* arXiv admin note: substantial text overlap with arXiv:2007.13134
The framework of Simulation-to-real learning, i.e, learning policies in simulation and transferring those policies to the real world is one of the most promising approaches towards data-efficient learning in robotics. However, due to the inevitable reality gap between the simulation and the real world, a policy learned in the simulation may not always generate a safe behaviour on the real robot. As a result, during adaptation of the policy in the real world, the robot may damage itself or cause harm to its surroundings. In this work, we introduce a novel learning algorithm called SafeAPT that leverages a diverse repertoire of policies evolved in the simulation and transfers the most promising safe policy to the real robot through episodic interaction. To achieve this, SafeAPT iteratively learns a probabilistic reward model as well as a safety model using real-world observations combined with simulated experiences as priors. Then, it performs Bayesian optimization on the repertoire with the reward model while maintaining the specified safety constraint using the safety model. SafeAPT allows a robot to adapt to a wide range of goals safely with the same repertoire of policies evolved in the simulation. We compare SafeAPT with several baselines, both in simulated and real robotic experiments and show that SafeAPT finds high-performance policies within a few minutes in the real world while minimizing safety violations during the interactions.
In recent years, domain randomization has gained a lot of traction as a method for sim-to-real transfer of reinforcement learning policies in robotic manipulation; however, finding optimal randomization distributions can be difficult. In this paper, we introduce DROPO, a novel method for estimating domain randomization distributions for safe sim-to-real transfer. Unlike prior work, DROPO only requires a limited, precollected offline dataset of trajectories, and explicitly models parameter uncertainty to match real data. We demonstrate that DROPO is capable of recovering dynamic parameter distributions in simulation and finding a distribution capable of compensating for an unmodelled phenomenon. We also evaluate the method in two zero-shot sim-to-real transfer scenarios, showing successful domain transfer and improved performance over prior methods.
Sample-efficient domain adaptation is an open problem in robotics. In this paper, we present affine transport -- a variant of optimal transport, which models the mapping between state transition distributions between the source and target domains with an affine transformation. First, we derive the affine transport framework; then, we extend the basic framework with Procrustes alignment to model arbitrary affine transformations. We evaluate the method in a number of OpenAI Gym sim-to-sim experiments with simulation environments, as well as on a sim-to-real domain adaptation task of a robot hitting a hockeypuck such that it slides and stops at a target position. In each experiment, we evaluate the results when transferring between each pair of dynamics domains. The results show that affine transport can significantly reduce the model adaptation error in comparison to using the original, non-adapted dynamics model.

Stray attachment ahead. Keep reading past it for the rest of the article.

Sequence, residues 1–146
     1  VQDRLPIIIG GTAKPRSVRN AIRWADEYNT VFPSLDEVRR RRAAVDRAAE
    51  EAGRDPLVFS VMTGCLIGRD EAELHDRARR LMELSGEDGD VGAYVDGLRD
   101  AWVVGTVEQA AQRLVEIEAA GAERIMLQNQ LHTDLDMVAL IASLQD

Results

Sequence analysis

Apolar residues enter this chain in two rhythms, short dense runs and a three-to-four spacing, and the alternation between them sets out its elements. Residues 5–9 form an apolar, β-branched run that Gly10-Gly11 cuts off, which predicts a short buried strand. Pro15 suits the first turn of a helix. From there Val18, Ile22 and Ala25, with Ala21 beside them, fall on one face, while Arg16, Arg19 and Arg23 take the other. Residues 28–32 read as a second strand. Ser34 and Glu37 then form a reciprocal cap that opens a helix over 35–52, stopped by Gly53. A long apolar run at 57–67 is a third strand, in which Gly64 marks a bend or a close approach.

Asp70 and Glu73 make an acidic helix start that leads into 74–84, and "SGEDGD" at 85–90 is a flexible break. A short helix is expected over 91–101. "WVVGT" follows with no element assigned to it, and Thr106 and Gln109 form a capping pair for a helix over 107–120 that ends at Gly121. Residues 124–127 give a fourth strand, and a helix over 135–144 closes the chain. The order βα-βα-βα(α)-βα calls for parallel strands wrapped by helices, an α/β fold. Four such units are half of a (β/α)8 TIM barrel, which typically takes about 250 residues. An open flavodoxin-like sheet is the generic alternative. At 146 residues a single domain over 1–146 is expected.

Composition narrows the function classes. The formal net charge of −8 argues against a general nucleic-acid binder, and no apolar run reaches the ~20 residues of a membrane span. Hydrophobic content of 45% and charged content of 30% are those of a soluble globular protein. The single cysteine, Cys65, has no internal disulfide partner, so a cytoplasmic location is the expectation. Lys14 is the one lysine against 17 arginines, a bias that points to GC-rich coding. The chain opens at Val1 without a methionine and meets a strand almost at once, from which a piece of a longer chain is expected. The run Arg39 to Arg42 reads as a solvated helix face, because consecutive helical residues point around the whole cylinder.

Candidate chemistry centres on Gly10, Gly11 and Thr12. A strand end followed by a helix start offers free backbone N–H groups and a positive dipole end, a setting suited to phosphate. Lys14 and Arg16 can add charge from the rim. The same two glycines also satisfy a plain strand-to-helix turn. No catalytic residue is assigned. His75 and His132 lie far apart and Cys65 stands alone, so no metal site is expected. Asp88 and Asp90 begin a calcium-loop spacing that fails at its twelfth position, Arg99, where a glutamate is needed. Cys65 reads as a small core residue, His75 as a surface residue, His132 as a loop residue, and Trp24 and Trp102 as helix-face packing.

Domain adaptation is a common problem in robotics, with applications such as transferring policies from simulation to real world and lifelong learning. Performing such adaptation, however, requires informative data about the environment to be available during the adaptation. In this paper, we present domain curiosity -- a method of training exploratory policies that are explicitly optimized to provide data that allows a model to learn about the unknown aspects of the environment. In contrast to most curiosity methods, our approach explicitly rewards learning, which makes it robust to environment noise without sacrificing its ability to learn. We evaluate the proposed method by comparing how much a model can learn about environment dynamics given data collected by the proposed approach, compared to standard curious and random policies. The evaluation is performed using a toy environment, two simulated robot setups, and on a real-world haptic exploration task. The results show that the proposed method allows data-efficient and accurate estimation of dynamics.
Few-shot adaptation is a challenging problem in the context of simulation-to-real transfer in robotics, requiring safe and informative data collection. In physical systems, additional challenge may be posed by domain noise, which is present in virtually all real-world applications. In this paper, we propose to perform few-shot adaptation of dynamics models in noisy conditions using an uncertainty-aware Kalman filter-based neural network architecture. We show that the proposed method, which explicitly addresses domain noise, improves few-shot adaptation error over a blackbox adaptation LSTM baseline, and over a model-free on-policy reinforcement learning approach, which tries to learn an adaptable and informative policy at the same time. The proposed method also allows for system analysis by analyzing hidden states of the model during and after adaptation.